One of the reasons that the negotiations in the UK had such disappointing results was a view that there was no realistic plan B. But the Germans have shown us that there’s a pretty good one: just manage somehow until Elsevier caves in.

It will be very interesting to see whether Elsevier tries to get the Germans to pay for this access that has been restored. If I were a German negotiator, then one of the first things I would say is, “We didn’t ask for this, so we’re not paying for it.” My guess is that Elsevier has taken this action because it is *very* dangerous for them if it becomes widely known that a whole country can manage just fine when access to ScienceDirect was cut off — a bit inconvenient yes, but by no means a disaster.

German scientists regain access to Elsevier journals

Publisher restores access as negotiations for a nationwide licence continue. ]]>

The law relating to pensions gives trustees wide discretion in choice of discount rate. They do NOT have to use FRS17.

It is highly questionable whether USS is in deficit or if it is by how much. Have a look at this article which questions the whole methodology for valuing pension schemes:

Also have a look at this article by a firm of actuaries who believe in DB pensions instead of doom mongers like you:

The point is that pensions are in better shape if valued on an ongoing basis than if valued using short term risk and expectations of closing.

Mathematicians have a lot to answer for by ignoring the economics that underlies pensions. Sometimes they talk as if the world is going to cease. The economy is going to continue to make profits from which pension funds can benefit and the universities that are members of USS are going to continue in existence on an ongoing basis.

]]>Is the USS going to be around to pay my pension in 10 years time or I am going to be in line for food banks??

God help us from another financial meltdown…it is coming… ]]>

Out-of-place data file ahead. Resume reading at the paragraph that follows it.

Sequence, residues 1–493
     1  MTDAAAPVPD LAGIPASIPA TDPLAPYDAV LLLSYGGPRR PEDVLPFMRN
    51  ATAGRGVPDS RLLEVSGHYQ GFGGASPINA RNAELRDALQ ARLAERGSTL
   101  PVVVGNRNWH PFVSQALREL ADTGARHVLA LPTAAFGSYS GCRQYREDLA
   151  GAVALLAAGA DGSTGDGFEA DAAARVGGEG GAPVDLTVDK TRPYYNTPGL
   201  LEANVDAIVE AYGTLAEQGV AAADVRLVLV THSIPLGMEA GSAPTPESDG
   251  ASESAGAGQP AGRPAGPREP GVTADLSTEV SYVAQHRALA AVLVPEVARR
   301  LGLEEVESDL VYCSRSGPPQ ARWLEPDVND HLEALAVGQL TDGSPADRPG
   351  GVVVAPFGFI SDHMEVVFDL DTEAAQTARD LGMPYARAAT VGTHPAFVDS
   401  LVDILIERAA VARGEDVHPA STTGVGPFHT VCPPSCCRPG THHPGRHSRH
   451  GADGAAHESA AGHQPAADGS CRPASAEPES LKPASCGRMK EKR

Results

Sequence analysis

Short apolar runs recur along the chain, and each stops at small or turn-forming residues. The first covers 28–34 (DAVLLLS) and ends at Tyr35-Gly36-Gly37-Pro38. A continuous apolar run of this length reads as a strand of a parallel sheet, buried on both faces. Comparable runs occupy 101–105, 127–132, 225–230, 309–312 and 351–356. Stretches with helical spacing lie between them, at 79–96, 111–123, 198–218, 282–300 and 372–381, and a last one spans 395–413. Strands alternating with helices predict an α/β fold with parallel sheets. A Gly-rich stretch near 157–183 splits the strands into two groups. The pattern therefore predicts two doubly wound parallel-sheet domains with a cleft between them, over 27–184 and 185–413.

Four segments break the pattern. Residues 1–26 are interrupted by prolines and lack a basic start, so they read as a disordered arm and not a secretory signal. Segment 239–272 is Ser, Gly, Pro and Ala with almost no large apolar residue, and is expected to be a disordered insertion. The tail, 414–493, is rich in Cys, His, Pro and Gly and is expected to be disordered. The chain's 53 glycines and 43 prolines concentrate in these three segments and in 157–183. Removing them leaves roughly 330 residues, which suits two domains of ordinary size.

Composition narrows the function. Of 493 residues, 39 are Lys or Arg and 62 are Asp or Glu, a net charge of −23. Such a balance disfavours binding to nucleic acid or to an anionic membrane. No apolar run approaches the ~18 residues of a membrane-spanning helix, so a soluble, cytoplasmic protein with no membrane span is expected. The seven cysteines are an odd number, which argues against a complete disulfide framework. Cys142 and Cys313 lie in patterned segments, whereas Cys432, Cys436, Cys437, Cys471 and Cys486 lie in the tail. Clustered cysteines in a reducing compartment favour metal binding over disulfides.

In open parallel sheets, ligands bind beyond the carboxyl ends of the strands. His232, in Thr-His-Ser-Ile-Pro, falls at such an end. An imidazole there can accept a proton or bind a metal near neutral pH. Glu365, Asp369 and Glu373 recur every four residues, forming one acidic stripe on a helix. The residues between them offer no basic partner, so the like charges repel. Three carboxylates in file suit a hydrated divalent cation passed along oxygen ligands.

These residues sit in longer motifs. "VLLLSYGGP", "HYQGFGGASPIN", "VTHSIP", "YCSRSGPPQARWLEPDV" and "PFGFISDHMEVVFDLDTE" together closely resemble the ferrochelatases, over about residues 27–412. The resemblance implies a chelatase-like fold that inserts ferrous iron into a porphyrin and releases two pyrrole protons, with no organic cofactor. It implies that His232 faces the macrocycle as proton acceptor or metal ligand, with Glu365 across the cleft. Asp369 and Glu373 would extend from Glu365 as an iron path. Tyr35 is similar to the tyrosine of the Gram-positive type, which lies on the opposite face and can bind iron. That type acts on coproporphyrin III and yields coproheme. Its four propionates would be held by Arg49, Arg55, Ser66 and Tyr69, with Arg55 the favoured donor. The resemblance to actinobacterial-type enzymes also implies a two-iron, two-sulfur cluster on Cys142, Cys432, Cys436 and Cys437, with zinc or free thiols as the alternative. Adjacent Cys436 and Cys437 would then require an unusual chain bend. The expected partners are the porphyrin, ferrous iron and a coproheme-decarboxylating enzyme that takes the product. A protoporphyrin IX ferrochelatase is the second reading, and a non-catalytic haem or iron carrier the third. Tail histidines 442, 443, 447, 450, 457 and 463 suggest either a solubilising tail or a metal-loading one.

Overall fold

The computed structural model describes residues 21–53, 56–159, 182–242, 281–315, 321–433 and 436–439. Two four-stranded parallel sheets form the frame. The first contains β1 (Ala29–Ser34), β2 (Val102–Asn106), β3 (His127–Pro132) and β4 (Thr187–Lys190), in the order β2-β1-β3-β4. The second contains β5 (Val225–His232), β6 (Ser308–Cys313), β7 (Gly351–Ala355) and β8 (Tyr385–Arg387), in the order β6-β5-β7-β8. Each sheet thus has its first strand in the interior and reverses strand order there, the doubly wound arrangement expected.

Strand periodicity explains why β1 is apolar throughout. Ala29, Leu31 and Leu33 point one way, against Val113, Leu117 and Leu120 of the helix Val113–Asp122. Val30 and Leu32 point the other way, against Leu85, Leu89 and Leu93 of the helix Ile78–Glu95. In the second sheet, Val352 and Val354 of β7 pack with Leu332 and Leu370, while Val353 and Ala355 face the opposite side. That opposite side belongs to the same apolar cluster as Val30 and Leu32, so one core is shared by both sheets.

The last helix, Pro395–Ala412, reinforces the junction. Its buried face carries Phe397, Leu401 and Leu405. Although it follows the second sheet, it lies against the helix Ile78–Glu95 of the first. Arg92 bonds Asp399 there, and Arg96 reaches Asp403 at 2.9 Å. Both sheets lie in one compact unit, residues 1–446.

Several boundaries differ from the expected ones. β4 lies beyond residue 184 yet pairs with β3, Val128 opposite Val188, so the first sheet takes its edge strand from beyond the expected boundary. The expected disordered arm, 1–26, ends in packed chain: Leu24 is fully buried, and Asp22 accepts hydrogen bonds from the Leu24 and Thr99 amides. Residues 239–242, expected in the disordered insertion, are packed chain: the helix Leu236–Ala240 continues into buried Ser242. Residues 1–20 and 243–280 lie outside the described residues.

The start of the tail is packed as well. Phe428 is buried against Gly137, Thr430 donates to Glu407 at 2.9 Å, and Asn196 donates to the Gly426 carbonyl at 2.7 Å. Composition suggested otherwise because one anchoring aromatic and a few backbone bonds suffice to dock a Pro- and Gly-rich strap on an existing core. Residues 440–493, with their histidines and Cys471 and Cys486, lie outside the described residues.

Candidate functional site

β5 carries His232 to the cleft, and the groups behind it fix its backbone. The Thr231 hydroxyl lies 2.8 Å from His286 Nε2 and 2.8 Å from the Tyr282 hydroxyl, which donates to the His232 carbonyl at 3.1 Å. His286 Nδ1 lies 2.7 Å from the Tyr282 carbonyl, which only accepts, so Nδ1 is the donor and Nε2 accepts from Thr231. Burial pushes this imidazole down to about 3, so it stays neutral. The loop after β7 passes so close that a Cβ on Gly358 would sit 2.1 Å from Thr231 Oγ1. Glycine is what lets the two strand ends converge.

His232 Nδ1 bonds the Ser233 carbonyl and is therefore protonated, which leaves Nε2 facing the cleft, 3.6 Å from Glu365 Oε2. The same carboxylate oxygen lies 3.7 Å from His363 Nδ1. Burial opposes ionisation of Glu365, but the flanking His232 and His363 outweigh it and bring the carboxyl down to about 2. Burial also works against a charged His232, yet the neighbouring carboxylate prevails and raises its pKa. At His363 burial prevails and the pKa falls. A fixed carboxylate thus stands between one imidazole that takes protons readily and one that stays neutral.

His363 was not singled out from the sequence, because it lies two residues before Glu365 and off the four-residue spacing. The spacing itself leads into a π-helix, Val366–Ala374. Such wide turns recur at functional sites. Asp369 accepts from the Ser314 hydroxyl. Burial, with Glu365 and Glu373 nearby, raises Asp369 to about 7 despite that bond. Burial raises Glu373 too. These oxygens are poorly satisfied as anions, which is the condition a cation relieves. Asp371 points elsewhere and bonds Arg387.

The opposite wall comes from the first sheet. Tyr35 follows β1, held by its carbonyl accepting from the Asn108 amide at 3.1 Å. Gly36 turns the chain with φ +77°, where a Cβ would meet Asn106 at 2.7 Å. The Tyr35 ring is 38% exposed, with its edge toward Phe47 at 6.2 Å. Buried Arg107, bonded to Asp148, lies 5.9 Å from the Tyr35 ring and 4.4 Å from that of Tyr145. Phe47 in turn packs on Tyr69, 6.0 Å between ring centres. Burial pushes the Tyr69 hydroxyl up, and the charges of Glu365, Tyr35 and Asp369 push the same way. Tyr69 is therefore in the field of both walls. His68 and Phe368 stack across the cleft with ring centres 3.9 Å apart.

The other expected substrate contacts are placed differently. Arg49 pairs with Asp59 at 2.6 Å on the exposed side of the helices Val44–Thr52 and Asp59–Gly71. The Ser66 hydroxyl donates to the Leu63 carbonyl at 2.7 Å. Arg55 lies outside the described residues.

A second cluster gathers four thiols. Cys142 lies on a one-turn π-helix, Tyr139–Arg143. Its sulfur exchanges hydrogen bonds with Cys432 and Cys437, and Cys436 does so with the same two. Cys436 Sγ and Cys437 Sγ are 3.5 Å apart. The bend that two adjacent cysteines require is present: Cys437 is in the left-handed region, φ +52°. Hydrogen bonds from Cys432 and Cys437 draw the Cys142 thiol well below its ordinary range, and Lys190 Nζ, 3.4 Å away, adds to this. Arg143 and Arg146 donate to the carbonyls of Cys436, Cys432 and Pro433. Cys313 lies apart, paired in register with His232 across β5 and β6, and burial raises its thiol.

In your post you write “Cambridge, for example, has paid over £750,000 this year in article processing charges, from a grant provided for the purpose”.

Is this on top of the £1,161,571 that they are spending per year, according to the FOI data? If there is off-setting going on, do we know how much?

Richard

]]>One should also ask for E to be positive.

]]>For example, for a function like f(x)=1/x, the ‘domain’ is usually set to be the set of objects for which this function is defined, i.e. R/{0}, the ‘range’ as the set of values the function can take on, i.e. also R/{0}, but the co-domain would be R … Which is clearly not the ‘domain’ of the converse, or inverse, of this function.

Another question I have here is where the R comes from: why would we think that we are initially/immediately talking about real numbers when talking about functions like 1/x? Couldn’t I be talking about complex numbers, say? Indeed, why do we indicate some kind of ‘intended’ set of ‘potential’ values of the function on the output side (the ‘co-domain’), but don’t do this on the input side?

Indeed, I think it *would* make a lot of sense to *first* define a set of objects that the function is *intended* to work on (which we could call a ‘domain of discourse’), and then point out any values for which the function is actually defined (which we would call the ‘domain of definition’). And with that, we could have a ‘co-domain of discourse’ and a ‘co-domain of definition’ as the converse’s counterparts. Thus, for the function f(x)=1/x we could say that the domain and co-domain of discourse are both R, but the domain and co-domain of definition R/{0}.

In fact, I have been taking the lack of standards (or logical consistency) in the terminology as justification to use exactly this terminology when I teach my students about functions. It may not be ‘standard’, but I think it is certainly a lot more consistent and coherent … What do you think?

]]>What a load of tosh.

This blog well out of date, as Michael Gove is long gone as education minister. Clearly the originator..Gowers…doesn’t keep it current.

Hmc

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